Red Dead Redemption 2 is more than just your average video game. It’s easily one of the most detailed experiences on the market today, but with all that detail comes with its own set of issues.
Where it all begins
During Red Dead Redemption 2’s massive campaign you play as Arthur Morgan, a cowboy amongst a group of outlaws running from civilization.
It’s 1899, and you and your gang have narrowly escaped capture in the middle of a blizzard. After finding shelter you and your diverse crew of bandits, including you father figure Dutch, set off on a multi-hour tutorial through the snowy mountains.
While it’s nothing more than a glorified tutorial, it’s fun for the most part, but does get a little tedious toward end.
Luckily, just as you’re getting a little bored of the tutorial section, the game finally sets you free.
And once you’re free, you’re in for one of the most vast, beautiful open worlds to date.
A whole new world
The world at Red Dead 2’s disposal is incredible. That really is the one single word that describes it the best.
Remember how detailed everyone thought GTAV’s world was when it was release? This is that same thing, but on a whole new level.
Throughout my time with the game I never felt like I was playing an open world game, instead I felt like I was playing a game where the world had no real end.
The world is so diverse and massive that it’s almost daunting to go exploring on your own. And the game really encourages that exploration too.
There’s something to find around every corner. Whether it be a new town, an interesting side quest, or just a meetup with a new NPC the world continues to dish out something new with every hour.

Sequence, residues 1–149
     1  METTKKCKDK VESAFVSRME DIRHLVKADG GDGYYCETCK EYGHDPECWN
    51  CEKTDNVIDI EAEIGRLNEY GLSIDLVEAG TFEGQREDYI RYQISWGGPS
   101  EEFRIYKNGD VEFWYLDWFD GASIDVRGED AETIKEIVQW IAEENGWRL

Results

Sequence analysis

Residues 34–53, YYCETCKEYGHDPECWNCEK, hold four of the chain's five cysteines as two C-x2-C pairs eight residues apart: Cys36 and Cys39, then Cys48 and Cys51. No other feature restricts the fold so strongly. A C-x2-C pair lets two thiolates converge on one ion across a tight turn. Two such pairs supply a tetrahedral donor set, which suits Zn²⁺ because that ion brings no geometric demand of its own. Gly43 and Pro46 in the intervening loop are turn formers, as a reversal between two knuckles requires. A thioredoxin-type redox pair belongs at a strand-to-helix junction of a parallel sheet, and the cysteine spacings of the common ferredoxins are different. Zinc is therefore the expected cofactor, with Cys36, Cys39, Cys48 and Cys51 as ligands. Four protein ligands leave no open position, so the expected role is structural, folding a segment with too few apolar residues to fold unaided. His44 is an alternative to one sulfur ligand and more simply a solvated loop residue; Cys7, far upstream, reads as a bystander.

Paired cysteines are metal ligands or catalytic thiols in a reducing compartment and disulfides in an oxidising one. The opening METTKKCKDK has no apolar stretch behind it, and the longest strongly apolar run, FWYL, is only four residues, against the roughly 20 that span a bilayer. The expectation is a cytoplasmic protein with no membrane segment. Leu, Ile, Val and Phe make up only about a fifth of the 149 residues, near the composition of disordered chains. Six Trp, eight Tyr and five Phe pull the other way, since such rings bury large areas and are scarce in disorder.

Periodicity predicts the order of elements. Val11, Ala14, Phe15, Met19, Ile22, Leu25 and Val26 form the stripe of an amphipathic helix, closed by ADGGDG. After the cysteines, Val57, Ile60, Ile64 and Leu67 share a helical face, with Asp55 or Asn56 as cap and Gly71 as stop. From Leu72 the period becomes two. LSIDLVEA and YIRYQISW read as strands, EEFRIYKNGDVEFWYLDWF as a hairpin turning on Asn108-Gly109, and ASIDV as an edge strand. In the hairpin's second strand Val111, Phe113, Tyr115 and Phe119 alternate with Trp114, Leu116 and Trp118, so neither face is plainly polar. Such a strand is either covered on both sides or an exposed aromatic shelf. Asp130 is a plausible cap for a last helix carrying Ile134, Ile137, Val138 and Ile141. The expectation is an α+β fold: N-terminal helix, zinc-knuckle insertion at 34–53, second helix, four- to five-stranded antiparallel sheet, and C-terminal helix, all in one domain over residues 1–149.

The turtle and the hare
Compared to most games you’ll play right about now; Red Dead Redemption 2 is extremely slow. And while in the classic tale, the turtle ends up winning the race, I’m not so sure that’s how it works out here.
One problem I constantly has was the game’s extremely slow pace.
While it may seem weird, the thing that really slows this game down is the amazing attention to detail that it has.
Looting animations are amazingly well done, but they’re slow and take up far too much time when you’re looting more than a couple bodies or cabinets. Cleaning your gun feels cool the first one or two times but ends up feeling like a frustrating chore. A lot of the detail is spectacular, but after a while its greatness is overshadowed by the fact that it makes the game slow and chore-like.
Riding to and from locations is the biggest offender in the chore department; not because of the speed though, it’s the controls that make this a pain.
The control scheme Read Dead 2 goes for is somewhat familiar if you played GTA V, but it really doesn’t work here.
I can’t count how many times I accidentally pulled a weapon instead of waving to someone in my first few hours of play time. Who in their right mind thought mapping hello and murder to the same button was a good idea?
While you do get used to it after a while, the controls haunt this game throughout its entirety.
Like I mention earlier, the horse riding is a good example of poor controls in the game.